7 Points of Effective Presentation: Killer Powerpoint Slides

I am going through a “killer presentation” sent over by a client, and I am excited….

I am excited because I see that we have a good topic for a successful coaching session:  it will bring immediate result. Actually, I see two successful sessions coming, because every presentation is built on two pillars: the slide stack and the delivery.

(Note: in some companies, the PowerPoint format is used as a document; here we are talking about speaker’s slides).

Let’s work on the first pillar today: preparing the presentation slides.

Below are the 7 key points that many presenters forget about. Based on my experience with clients of very different level and background, these steps are easy to remember and repeat.

1. Define your overall goal

Even if you are in a rush, take good time to think of the purpose and desired result of your presentation.

You may hear about several types of presentation (informative, instructional, inspirational, etc.), but in business environment, most presentations will have two objectives:

  • to inform
  • to obtain a decision.

For example, a status report or a business review presentation usually informs the management on what’s done (% complete), what’s planned for the next period, and what support is necessary to stay on plan. If all is good, you will probably want to show off your team’s excellence and make sure they receive a well-deserved recognition – which is a sound objective as well.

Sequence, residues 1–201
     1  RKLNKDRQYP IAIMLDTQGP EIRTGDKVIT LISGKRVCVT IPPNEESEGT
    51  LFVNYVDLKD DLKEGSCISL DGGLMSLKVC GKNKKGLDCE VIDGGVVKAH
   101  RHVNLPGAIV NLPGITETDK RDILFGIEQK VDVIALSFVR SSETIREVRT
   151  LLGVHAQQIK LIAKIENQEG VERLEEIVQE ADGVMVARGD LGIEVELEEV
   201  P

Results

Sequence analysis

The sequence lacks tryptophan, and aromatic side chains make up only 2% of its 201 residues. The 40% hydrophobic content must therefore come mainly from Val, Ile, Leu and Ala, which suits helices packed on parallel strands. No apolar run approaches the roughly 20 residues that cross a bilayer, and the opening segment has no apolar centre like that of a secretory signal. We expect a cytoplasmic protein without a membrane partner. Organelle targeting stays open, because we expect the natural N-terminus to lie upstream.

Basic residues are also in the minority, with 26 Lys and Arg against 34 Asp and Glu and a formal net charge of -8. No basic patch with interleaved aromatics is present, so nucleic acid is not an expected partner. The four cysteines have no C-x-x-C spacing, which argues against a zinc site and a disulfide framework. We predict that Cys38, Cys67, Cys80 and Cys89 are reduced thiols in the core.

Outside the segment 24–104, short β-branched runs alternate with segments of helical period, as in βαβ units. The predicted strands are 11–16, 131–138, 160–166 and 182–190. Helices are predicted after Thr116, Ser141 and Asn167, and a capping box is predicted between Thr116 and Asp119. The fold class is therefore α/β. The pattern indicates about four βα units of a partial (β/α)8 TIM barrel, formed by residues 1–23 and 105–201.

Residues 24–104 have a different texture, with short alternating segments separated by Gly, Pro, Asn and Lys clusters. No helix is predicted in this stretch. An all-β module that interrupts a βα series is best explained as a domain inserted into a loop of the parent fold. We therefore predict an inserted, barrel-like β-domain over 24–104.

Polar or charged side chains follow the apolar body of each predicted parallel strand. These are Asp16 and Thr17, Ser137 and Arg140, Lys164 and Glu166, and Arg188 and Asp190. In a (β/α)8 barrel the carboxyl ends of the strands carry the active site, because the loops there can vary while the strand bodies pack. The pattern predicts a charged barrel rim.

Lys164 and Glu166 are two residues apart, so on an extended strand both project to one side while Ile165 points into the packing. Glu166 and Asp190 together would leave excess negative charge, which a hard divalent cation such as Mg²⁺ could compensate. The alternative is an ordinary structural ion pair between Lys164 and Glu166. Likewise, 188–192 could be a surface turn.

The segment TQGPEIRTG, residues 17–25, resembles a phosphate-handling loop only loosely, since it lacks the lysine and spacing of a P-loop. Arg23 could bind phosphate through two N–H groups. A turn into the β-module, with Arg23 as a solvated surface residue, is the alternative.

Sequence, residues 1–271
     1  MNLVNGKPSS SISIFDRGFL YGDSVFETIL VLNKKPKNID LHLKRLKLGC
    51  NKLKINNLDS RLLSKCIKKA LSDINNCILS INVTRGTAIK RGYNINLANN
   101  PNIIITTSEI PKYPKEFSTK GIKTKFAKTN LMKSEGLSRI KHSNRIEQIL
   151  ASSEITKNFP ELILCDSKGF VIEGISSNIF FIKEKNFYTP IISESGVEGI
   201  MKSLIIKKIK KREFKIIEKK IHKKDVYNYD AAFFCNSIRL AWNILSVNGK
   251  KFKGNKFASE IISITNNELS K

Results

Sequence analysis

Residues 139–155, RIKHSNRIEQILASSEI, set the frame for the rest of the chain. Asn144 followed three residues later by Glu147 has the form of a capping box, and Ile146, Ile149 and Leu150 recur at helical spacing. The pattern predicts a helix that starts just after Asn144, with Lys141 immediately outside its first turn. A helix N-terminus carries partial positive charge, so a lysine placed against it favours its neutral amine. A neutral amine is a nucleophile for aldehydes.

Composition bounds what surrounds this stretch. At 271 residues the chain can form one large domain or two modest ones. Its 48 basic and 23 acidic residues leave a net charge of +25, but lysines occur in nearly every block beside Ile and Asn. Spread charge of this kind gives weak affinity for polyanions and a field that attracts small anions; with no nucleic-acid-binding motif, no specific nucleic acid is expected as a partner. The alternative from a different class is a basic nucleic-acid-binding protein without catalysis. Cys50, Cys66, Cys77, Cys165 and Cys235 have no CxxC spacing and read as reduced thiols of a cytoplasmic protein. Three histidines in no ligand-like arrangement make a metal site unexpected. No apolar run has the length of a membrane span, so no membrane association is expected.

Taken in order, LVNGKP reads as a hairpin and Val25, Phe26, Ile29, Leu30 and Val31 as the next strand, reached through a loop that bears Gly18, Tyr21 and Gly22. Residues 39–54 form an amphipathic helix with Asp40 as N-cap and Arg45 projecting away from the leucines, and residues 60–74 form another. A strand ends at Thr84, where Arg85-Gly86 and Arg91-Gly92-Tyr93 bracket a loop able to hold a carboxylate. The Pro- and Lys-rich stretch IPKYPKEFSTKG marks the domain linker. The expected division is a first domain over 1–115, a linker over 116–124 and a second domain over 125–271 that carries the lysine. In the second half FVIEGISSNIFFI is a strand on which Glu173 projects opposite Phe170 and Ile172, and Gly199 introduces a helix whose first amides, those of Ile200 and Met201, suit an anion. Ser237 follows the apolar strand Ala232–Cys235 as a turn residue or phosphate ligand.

If you just explain to a group of employees how the newly installed software package is going to work, then probably you want to your audience to start using the new software – and that you must reflect in your presentation, too.

In all cases, you need to make sure that your needs are clear and the audience walks out of the meeting committed to support your case.

Therefore, start with clear identification and listing of your goals and of the key members of your target audience. Better still, prepare the two lists prepared before you start working on the slides.

2. Estimate and plan

Now, with the end goal in mind, you need to do some time planning. If your “air time” is one hour, consider reserving 20 minutes for Q&A. That leaves you with 40 minutes of actual presenting time. You will fill it with information that your audience will benefit from.